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Princeton trustees set 2023-24 budget, increasing undergraduate financial aid more than 25%

The trustees of Princeton University have adopted an operating budget for the University totaling $2.92 billion for 2023-24, which includes a 26.4% increase, to $268 million, in the undergraduate financial aid budget. The increase supports several significant enhancements to how the University packages aid awards and provides support to more students as enrollment expands.

These enhancements make a Princeton education free to most families with income up to $100,000 and continue to ensure it is affordable for every admitted student.

Princeton provides financial aid in the form of grants, which do not have to be repaid. It does not require any borrowing, so students can graduate debt free. The University’s endowment distributions and investment income cover more than 70% of the undergraduate financial aid budget and some 60% of the overall operating budget.

Students’ aid packages are recalculated each year to offset increases to tuition, room, board and other expenses, and to account for changes in the family’s financial circumstances.  

In addition to free tuition, room and board for most families earning up to $100,000 a year, the financial aid expansion that begins with the 2023-24 academic year provides additional aid to families with income above $100,000, including those with multiple children in college.

A majority of the additional scholarship funding will benefit families earning less than $150,000, and the University’s highest-need students will receive new and expanded forms of financial support. Students’ personal expense allowance for financial aid packages has been increased by $550, to $4,050 a year. The previously expected $3,500 student contribution from summer savings and campus work has been eliminated.

Princeton is also committed to supporting its graduate students. The University increased average graduate fellowship and stipend rates by 25% for fiscal year 2022-23, its largest one-year increase, and these rates will increase by an additional 5% with this year’s budget. Total graduate student support will have increased by more than 23% between fiscal year 2022 and fiscal year 2024, to an expected $321 million.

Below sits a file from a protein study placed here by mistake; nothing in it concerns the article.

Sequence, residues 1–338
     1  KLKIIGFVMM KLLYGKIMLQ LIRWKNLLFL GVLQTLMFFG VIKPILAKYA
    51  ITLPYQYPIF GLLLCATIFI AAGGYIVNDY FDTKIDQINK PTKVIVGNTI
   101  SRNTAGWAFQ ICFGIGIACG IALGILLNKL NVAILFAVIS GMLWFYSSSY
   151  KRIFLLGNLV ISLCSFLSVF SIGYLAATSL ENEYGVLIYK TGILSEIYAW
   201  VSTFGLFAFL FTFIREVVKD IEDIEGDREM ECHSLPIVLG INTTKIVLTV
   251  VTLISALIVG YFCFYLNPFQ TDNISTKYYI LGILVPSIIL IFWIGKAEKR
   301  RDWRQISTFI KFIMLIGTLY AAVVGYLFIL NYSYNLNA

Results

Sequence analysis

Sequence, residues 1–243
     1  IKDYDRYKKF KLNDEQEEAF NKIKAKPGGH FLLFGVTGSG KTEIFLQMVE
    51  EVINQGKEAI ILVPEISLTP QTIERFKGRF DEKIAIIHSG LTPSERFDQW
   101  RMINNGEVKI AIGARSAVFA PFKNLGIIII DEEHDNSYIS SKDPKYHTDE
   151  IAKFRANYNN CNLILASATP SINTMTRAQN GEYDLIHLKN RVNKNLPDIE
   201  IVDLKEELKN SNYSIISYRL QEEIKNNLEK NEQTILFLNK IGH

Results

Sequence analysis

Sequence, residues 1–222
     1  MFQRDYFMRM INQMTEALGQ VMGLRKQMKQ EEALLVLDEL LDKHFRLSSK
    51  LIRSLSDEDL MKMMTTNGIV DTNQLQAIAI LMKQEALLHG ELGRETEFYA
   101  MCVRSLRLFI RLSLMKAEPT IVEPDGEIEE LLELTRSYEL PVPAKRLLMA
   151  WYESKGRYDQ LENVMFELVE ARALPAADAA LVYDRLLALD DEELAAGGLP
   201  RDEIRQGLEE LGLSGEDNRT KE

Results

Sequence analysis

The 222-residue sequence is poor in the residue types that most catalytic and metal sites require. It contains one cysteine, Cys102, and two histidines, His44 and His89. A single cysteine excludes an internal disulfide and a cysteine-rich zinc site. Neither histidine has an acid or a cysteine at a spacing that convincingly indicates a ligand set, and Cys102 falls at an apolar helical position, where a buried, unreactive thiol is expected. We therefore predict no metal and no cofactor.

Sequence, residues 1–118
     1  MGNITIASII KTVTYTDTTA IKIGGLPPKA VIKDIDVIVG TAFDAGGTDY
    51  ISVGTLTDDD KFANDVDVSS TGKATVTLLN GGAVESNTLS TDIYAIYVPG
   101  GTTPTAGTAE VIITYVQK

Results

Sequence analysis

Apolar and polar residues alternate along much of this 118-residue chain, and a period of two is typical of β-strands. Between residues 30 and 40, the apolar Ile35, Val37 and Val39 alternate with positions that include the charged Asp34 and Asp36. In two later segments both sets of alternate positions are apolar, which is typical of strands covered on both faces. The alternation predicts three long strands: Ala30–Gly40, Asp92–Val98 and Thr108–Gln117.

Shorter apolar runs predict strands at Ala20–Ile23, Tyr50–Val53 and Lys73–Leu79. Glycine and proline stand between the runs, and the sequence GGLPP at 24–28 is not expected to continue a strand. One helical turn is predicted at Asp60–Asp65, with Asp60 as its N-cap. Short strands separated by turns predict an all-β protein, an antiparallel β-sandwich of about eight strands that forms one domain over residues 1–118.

“The substantial increase in our financial aid budget is a testament to our unwavering commitment to make a Princeton education affordable for all admitted students,” said Provost Jennifer Rexford, the University’s chief budget officer. “Removing the student contribution and increasing the personal expense allowance gives our students on financial aid much greater freedom to pursue their educational and extra-curricular passions, and the significant increases in graduate-student stipends over the past two years help make Princeton one of the best places in the world to pursue an advanced degree.”

Princeton tailors each financial aid package to a family’s particular circumstances. In determining need, it excludes equity in the primary residence and retirement savings, and it considers other obligations, such as educational expenses for other children as well as debt and medical bills for dependents. 

The University’s commitment to access and affordability has allowed it to diversify the makeup of the student body in significant and impactful ways. More than 60% of all undergraduates receive aid. The proportion of students eligible for federal Pell Grants, restricted to lower-income students, has increased to 21% of students in the Class of 2026, up from 7% of the Class of 2008.

The fee package (which includes tuition, room and board) will increase by 4%, to $79,090, for 2023-24. The University projects that the average scholarship for students receiving aid will increase to approximately $74,680 in the coming year, 20% more than the average award for 2022-23.

As a result of the enhancements to financial aid, the estimated “net cost after aid” to attend Princeton for the average student on aid will decrease from approximately $20,000 in 2022-23 to $12,000 in 2023-24 including allowances for books, personal, travel and other costs. The University estimates that more than 25% of the undergraduate student body will be able to attend at no cost. 

The trustees approved the budget during a meeting in late March.